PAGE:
Garland Particulars Justice Dept. Plan to Defend Voting Rights


Attorney General Merrick B. Garland on Friday tabled a detailed plan to protect voting rights, announcing that the Department of Justice would redouble its enforcement staff on the matter, review and act on new laws aimed at restricting voter access and take action take action if it detects a violation of federal law.

Mr. Garland announced his plan as Republican-led state lawmakers push for new restrictive electoral laws and amid dwindling opportunities for comprehensive state voter protection laws introduced by the Democrats.

“To meet the challenge of the current moment, we must devote the Justice Department’s resources to a critical part of its original mission: enforcing federal laws protecting the right to vote for all eligible voters,” Garland said in an address to the department.

The Justice Department will also review current laws and practices to see if they discriminate against non-white voters, he said. It was not clear how many people were working to enforce voting rights and what the total would be after the department added staff.

At least 22 new laws making voting harder have been passed in more than a dozen states, according to the Brennan Center for Justice, a progressive public policy institute that is part of the New York University School of Law.

Mr Garland also said the department oversees the use of unorthodox by-election checks that could undermine confidence in the country’s ability to hold free and fair elections, adding that some jurisdictions have used disinformation to justify such checks.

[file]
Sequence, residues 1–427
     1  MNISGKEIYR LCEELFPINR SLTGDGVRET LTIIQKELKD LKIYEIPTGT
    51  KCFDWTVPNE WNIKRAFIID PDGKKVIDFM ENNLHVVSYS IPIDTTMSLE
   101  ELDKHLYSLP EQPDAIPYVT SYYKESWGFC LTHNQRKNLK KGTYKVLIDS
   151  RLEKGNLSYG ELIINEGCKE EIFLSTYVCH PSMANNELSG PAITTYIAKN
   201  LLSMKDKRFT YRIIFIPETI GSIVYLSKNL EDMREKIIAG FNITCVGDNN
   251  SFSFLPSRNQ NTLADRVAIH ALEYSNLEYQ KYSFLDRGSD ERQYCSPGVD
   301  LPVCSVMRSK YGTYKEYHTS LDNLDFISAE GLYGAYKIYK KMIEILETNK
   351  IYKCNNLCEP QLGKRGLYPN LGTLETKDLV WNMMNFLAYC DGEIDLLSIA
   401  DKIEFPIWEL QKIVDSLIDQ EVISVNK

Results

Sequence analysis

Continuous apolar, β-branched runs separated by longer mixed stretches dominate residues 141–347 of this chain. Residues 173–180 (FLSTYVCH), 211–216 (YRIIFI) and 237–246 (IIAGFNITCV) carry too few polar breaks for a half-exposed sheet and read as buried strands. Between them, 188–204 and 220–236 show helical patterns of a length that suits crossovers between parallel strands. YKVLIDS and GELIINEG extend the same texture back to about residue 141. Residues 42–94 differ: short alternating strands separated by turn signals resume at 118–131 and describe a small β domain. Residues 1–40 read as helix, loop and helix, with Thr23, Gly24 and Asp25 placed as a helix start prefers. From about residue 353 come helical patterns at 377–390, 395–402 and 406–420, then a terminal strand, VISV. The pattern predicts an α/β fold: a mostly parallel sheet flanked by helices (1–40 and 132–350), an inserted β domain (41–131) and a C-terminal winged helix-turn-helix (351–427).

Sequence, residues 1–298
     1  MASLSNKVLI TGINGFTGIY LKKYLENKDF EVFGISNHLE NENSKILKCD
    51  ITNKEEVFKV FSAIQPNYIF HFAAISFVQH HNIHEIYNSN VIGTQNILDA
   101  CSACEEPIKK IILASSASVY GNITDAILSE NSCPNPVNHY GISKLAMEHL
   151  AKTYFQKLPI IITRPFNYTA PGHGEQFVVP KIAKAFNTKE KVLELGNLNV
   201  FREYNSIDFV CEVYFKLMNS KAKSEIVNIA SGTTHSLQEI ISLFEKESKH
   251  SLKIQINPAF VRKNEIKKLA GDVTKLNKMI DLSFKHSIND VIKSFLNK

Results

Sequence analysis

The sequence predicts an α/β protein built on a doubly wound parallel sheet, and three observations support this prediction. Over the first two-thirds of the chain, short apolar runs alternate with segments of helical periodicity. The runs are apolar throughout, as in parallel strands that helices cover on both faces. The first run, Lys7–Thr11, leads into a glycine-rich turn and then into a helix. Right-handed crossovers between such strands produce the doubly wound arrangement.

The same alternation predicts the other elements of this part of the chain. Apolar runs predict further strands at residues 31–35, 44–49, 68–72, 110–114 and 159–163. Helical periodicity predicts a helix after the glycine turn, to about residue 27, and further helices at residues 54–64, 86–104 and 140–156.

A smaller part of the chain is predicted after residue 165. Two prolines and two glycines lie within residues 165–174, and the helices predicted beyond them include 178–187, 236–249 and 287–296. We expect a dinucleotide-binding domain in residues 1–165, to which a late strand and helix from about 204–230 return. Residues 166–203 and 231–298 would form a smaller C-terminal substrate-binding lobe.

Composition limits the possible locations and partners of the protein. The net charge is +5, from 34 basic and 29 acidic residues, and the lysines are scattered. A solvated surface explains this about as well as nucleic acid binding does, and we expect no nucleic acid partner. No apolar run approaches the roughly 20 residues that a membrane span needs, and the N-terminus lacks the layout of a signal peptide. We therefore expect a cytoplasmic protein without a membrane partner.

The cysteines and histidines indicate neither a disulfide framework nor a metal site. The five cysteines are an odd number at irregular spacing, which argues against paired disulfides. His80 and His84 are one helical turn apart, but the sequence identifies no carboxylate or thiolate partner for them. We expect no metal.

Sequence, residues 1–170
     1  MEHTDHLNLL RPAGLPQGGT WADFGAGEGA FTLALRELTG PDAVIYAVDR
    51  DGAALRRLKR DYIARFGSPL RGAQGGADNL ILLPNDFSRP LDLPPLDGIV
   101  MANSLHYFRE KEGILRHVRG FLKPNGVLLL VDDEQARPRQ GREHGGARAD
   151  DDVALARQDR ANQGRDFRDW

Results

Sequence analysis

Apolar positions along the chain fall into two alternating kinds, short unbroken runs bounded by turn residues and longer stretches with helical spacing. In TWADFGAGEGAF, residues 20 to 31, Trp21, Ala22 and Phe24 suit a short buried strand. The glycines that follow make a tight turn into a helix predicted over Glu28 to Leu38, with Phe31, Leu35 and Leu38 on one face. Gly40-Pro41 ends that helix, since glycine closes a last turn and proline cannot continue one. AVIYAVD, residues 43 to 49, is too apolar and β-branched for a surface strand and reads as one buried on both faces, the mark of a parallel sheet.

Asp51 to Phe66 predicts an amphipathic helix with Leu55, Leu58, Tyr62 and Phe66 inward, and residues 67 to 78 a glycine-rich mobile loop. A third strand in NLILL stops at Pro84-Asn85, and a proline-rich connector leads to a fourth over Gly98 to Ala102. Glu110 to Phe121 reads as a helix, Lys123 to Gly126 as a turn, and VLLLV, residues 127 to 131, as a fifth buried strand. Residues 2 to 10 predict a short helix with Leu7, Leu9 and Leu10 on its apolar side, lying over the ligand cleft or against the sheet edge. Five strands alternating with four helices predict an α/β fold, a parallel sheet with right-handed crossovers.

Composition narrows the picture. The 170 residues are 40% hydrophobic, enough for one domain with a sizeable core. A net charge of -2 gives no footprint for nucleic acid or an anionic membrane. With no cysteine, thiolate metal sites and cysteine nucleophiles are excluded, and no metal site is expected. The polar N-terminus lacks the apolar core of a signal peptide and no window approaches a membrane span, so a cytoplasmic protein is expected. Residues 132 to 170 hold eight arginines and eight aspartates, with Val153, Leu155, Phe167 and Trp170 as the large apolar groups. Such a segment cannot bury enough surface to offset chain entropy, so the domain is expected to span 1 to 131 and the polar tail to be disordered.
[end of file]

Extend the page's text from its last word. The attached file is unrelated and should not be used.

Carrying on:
“Much of the reasoning given in support of these by-election reviews and electoral restrictions was based on allegations of material fraud in the 2020 elections that have been refuted by law enforcement and intelligence agencies, both this and the previous government, as well as any court – federal and state – which it took into account, ”Garland said.

The ministry’s civil rights division has sent a letter expressing concerns that any of these reviews may have violated the civil rights law, Garland said, in part because it could violate a provision of the law that prohibits voter intimidation . He didn’t state which state, but in Arizona, a week-long exam is widely viewed as a partisan exercise to cultivate complaints about Donald J. Trump’s electoral defeat.

The Department of Justice will publish guidelines explaining the civil and criminal law provisions that apply to by-election reviews, guidelines on early voting and voting by post, and will work with other agencies to combat disinformation.

Democrats have sued over some new electoral laws, but this lawsuit could take years to resolve and may have little power to prevent those laws from affecting the upcoming elections.

Two major federal election laws – the For the People Act and the John Lewis Voting Rights Act – are also the subject of heated debates in Congress.

Earlier this week, West Virginia Democrat Senator Joe Manchin III said he would speak out against the For the People Act, which dashed hopes among progressives that the sweeping anti-voter suppression bill would become law.

Mr. Garland has said protecting the right to vote is one of his top priorities as the attorney general, and his top lieutenants include high profile proxy attorneys like Vanita Gupta, the No. 3 ministry, and Kristen Clarke, the civil rights director.

Ms. Clarke’s long career as a vocal protection attorney – including with the NAACP Legal Defense and Educational Fund, the New York Attorney General, and the Lawyers’ Committee for Civil Rights Under Law – will make her a key player in the Justice Department’s work to improve access to To receive voting.

That work is made more difficult, however, by a 2013 Supreme Court ruling that struck down portions of the electoral law that forced states with a legacy of racial discrimination to obtain the approval of the Department of Justice before they could change their electoral laws.